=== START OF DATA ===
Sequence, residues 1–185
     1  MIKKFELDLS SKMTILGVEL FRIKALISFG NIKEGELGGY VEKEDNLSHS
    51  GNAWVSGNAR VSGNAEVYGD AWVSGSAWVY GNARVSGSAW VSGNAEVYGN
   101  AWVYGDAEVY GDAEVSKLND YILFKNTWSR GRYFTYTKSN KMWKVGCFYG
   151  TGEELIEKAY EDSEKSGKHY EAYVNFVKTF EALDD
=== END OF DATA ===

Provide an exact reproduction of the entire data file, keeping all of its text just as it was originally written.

Sequence, residues 1–185
     1  MIKKFELDLS SKMTILGVEL FRIKALISFG NIKEGELGGY VEKEDNLSHS
    51  GNAWVSGNAR VSGNAEVYGD AWVSGSAWVY GNARVSGSAW VSGNAEVYGN
   101  AWVYGDAEVY GDAEVSKLND YILFKNTWSR GRYFTYTKSN KMWKVGCFYG
   151  TGEELIEKAY EDSEKSGKHY EAYVNFVKTF EALDD